I recently read a tweet by Dr. Bryan Pearlman detailing eight bad leadership traits. The accompanying graphic spoke to poor communicators and leaders who lack integrity, trust, and other important traits. But what tugged at me the most was the idea that poor leaders were “unsupportive.” How could any leader be unsupportive of their staff or their students?

Even so, it’s taken me over 10 years in my position to find the right balance in supporting staff so they can fully support students. To that end, I carve out specific time through the year so that staff feel supported and can pass that along in the course of their day.

When you are in your first years of administration in a building, things move fast. So many moving pieces are in play that need to get done in the course of a day, and you are doing whatever you can to keep your head above water. Listening to, not just hearing, every conversation as you work through each day sometimes becomes daunting. But not only do the students have needs (as you once had in the classroom), your teachers also have needs that must be met as well. Here’s what I’ve learned about supporting their needs with intention.

Have an Open-Door Policy

Have you heard the old adage that you cannot have an open-door policy as an administrator because you will never get out of your office? At the beginning of my tenure, that was absolutely true. I felt held up in my office and at times wanted to hold up a white flag in distress. But everyone that walks in wants to be heard. A staff member might be there to simply get approval to be out for an appointment, or the conversation could involve a life-changing event. As an administrator in the building, it is important to be accessible. Supporting staff in this way helps you to better understand one another. It also reminds us that everyone is an individual, and each of those individuals has a story of their own.

Show Up

I have found that when I am out of the office and in the hallways or classrooms, the conversations that are thrown at me are short and to the point yet very meaningful. I can work on the move, taking notes on my computer using my standing/portable desk. Getting out of the office and into the hallways or classrooms also helps to lessen the seemingly “urgent” issues that you might hear if you were in your office. You support teachers and students when you are visible and you model the behaviors you want to see.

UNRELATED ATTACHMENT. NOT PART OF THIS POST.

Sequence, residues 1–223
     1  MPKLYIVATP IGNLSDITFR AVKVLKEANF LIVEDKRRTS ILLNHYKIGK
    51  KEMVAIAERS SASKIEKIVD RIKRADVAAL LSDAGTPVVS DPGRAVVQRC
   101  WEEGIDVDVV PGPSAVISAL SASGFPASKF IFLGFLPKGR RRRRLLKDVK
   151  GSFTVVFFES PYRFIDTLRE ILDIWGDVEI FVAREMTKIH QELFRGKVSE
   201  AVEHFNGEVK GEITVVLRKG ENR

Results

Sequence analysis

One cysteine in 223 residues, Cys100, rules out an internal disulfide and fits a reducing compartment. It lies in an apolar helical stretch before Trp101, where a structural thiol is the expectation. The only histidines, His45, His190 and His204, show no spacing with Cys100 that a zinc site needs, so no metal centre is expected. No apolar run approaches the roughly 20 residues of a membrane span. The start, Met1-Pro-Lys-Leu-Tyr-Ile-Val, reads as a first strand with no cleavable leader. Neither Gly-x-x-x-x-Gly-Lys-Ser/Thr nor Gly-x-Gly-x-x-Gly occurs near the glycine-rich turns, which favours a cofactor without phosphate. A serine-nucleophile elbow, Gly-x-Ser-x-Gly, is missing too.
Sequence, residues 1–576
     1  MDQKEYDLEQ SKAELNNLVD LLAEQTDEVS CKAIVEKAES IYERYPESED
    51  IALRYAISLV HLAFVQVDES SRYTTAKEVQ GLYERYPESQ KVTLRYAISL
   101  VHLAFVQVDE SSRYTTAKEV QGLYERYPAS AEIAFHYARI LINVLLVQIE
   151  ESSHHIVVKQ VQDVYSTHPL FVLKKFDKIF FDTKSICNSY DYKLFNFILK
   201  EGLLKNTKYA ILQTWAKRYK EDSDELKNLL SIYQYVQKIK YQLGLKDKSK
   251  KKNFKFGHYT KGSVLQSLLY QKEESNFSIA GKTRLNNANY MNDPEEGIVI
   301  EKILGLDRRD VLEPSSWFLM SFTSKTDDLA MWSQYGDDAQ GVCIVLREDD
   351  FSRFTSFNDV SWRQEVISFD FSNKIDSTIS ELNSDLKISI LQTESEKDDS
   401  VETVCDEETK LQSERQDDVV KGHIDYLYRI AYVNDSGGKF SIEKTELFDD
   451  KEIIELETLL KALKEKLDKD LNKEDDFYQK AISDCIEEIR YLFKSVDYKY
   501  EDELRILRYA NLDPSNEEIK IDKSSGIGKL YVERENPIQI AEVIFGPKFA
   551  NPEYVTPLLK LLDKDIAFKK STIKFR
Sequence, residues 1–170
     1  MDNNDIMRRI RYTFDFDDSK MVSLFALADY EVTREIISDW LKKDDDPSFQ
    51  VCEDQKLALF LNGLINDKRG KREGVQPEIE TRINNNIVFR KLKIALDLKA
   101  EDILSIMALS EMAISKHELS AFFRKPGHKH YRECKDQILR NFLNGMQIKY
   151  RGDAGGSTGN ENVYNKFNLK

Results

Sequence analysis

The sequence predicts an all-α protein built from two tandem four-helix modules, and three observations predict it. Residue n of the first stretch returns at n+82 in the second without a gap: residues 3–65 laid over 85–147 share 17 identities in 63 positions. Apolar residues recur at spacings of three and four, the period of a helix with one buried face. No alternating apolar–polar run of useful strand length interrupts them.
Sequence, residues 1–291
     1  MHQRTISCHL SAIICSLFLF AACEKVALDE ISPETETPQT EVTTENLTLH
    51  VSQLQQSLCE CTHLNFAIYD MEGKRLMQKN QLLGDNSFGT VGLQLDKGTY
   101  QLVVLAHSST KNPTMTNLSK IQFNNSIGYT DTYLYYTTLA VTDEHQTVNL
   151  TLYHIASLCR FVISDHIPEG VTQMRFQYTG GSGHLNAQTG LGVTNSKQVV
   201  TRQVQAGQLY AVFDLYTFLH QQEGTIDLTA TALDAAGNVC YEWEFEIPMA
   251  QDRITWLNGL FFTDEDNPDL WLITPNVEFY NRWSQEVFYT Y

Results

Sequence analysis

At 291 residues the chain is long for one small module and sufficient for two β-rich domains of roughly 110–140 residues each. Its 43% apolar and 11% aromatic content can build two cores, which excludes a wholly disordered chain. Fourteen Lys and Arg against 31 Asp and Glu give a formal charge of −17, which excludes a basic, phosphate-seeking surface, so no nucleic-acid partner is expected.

Offer Supportive Opportunities

About five years ago, I began offering opportunities for staff to support one another. This was not an easy feat by any stretch of the imagination. But with a little creativity, we’ve continued this tradition and it has proven to seep into our relationships with students and their success.

On the first few days back after summer break, during our setup time, staff members are given several options for team-building activities to bring them closer together. These activities are as simple as frisbee golf, go-cart racing, bowling, paint night, and more.

While most of these activities are off campus, I require a few things from them while they are out:

  1. They must take a selfie
  2. They must take an action shot (hopefully of them having fun)
  3. They must take a team/group photo

My staff members send these photos to me via text or email. Now, I love to make movies using iMovie, so I put them all into a video with a song, and voila! A new memory is made and captured for a lifetime, not to mention the memories and relationships built while staff are out supporting one another in these activities. It’s a simple technique to support our staff in the area of self-care so they begin the year rejuvenated and connected.

If You Support Them, They Will Stay…and Grow!

My reaction to Pearlman’s bad leadership traits was to say, “that’s what makes good people jump ship!” If you create a supportive environment for your teachers and staff, you will reap the benefits tenfold. Not only will the teachers feel supported and appreciated, but the trickle-down effects that occur in the classroom also can be astronomical. Student engagement will grow along with student achievement.

As an administrator, model what you want to see happening in your school. When we support one another, staff members want to stay where they are, and students get the support they need in the classroom.

Robyn Harris is principal of Whaley School in Anchorage, AK. She is the 2018 Alaska Principal of the Year. Follow her on Twitter (@WhaleySchool), Facebook (Whaley School), and her blog (whaleyschool.weebly.com).


About the Author

Robyn Harris is principal of Whaley School in Anchorage, AK. She is the 2018 Alaska Principal of the Year. Follow her on Twitter (@WhaleySchool), Facebook (Whaley School), and her blog (whaleyschool.weebly.com).

Leave a Reply

Your email address will not be published. Required fields are marked *